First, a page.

Did I show you that lace?  It's okay.  I'm not thrilled with it, but I don't hate it enough to pull it out.  Yet.  That's for another post.

For the past few days, I've been attempting to get a hat done just right.  At first, I was happily scrolling through patterns on ravelry.  I was thinking something easy and quick, but also warm.  And then the whole yarn issue hit.

This is the baby whose mother actually LIKES acrylic/synthetics.  She likes washable.  She even distrusts superwash, though I'm working on that.

Did I tell you that I prefer natural fibers?  That I hate synthetics?  That I won't pay money for them?  That I hate working with them?


So into the stash I dove, trying to find something that would be acceptable to both of us.  Something that would be warm.  It's New England, for heaven sakes, and that baby needs a good, tightly-knit warm (wool!!) hat.

There it is.  All balled up again.
I had the perfect thing.  One lone skein of a very baby girl-looking superwash aran.  With little slubby flecks.  Soft, warm, lofty.  Perfect.

I went to work on this pattern, which I've worked before and honestly?  Never loved it.  But I got it into my mind that it would be perfect with this perfect yarn that had been just waiting for this particular moment in time.

The gauge was wrong on attempt one.  The length was wrong on attempt two.  And thus, the yarn is rewound and back in the stash.  What can I do with 80 yards of soft, warm, lofty, very baby girl-looking superwash aran with little slubby flecks?

That, dear friends, is a problem for another day.

Onto the next disaster.

The only other acceptable yarn I could see was this crap.

Superwash, and I had a few different colorways.

What can I say?  There was a sale at WEBS and I was lured in.

I thought this cute pattern might hide the yarn's inherent flaws.  And it would be warm with all that stranding.  And stranding is fun.

Holy cow.  It did not hide any of the yarn's flaws: it accentuated them.

Bulky at one point, fingering a few inches later

You see, this yarn is spun thick-thin.  Now the only reason I can imagine you would want to knit with this yarn is because you want your stitches to look uneven.  Stupid.  Ugly.

Isn't that what we all aim for when we knit?  Stupid, ugly, uneven stitches?

And when you put those together with stranding, the combination is remarkably . . . wrong.

Terrible picture of terrible knitting

I would have given up at this point and returned to my lace, but my dear goddaughter needs a hat.
So I went once more to the stash (because I knew that I did not have enough crappy acrylic for a stranded hat) and found a wool/acrylic blend that I had been halfway saving and halfway shunning, since I bought it under the impression that it was wool and not synthetic.  When I discovered that it was a Mud-blood? --is that right?--I didn't want it for anything.  $8/skein for a dang wool-blend no better than Wool-ease.  Huh.

And yet I began to think of it for a hat for one of mine, so I was excluding it from possible yarns.

Don't you love how that happens?  You have skeins and skeins of yarn in the stash that are off-limits because you've envisioned them for projects that get pushed aside time and time again.  And when it comes to using them for something else, you actually feel a little twinge, and you hesitate.  Well, I hesitated for half a minute before realizing that I wouldn't be dropping any more cash on crappy synthetic yarn.  I settled on my pattern--and here is an admission--that took a few tries, too--I wanted earflaps and cables and something that would knit quickly.  Too much time wasted already!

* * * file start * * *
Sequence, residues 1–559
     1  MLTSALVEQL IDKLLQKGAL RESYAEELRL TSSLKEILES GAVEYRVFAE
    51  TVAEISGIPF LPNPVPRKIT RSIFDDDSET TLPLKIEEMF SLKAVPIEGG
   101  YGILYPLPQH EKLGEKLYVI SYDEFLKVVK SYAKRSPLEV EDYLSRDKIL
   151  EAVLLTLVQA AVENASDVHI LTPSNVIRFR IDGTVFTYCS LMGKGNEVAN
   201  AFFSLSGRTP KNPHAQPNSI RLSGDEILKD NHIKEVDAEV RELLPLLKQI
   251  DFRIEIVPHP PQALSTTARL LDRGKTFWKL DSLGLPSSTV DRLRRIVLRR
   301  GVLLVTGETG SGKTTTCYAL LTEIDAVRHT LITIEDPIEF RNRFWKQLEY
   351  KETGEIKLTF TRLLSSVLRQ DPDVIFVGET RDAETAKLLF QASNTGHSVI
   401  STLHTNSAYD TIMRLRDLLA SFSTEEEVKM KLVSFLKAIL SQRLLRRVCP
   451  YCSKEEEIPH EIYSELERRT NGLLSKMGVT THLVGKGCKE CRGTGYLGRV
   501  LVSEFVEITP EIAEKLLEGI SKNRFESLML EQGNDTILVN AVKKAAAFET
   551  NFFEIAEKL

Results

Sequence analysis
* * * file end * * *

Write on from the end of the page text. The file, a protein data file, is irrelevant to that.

The one I actually finished
I landed on this one, which I have knit before, and I worked up some earflaps.  Check my ravelry details for notes on how to do those.

A little pom, some braided ties, and less than 24 hours.  Perfect.

I even kind of like this wool blend, which feels more wool than synthetic.  It knit up nicely and only squeaked a little when I was weaving in ends.

I tried to get Henry to model--

--but he was really not amused

Monday, January 14, 2013

Pretty purses

One of my girls asked me for a purse.  I had just the pattern.  Aww yeah:  free!  All I did was shrink it down to little-girl size (75-80%) when I printed out the pdf pattern pieces, and it came out just right.

Little pocket

The best part?  Sifting through my stash with my girls:  believe me, once the project was in the works, it was very clear that I would be making two little purses.  Good thing it only took me an hour.  I finished one on Saturday and one on Sunday.  Bless my dear husband for those two hours!

I also realized that I was beginning to teach my little ladies how to sew: fabric selection, the need and use of pressing, how to apply interfacing . . . I have to admit that I felt a little connected to our mothers of the past, passing on the skill and joy of this craft.  Makes me look forward to many more sewing projects with my girls.

All the necessities that fit inside (plus a little pack of tissues)

I wish they had a little clasp in the center.  I did stabilize the fabric--it was only quilting cotton, so pretty flimsy--but I didn't think it would hold a magnetic clasp.  Also, I only had one.  I'm trying to decide whether I could sew in a snap or do a button and loop, but I may just leave them.  

And maybe I should have interfaced the straps, but I didn't.

Love those pleats!  Love the bag's shape
They were so fun to make, and they take such a little bit of fabric (maybe 1/3 yard, tops).  And did I mention that pattern is free?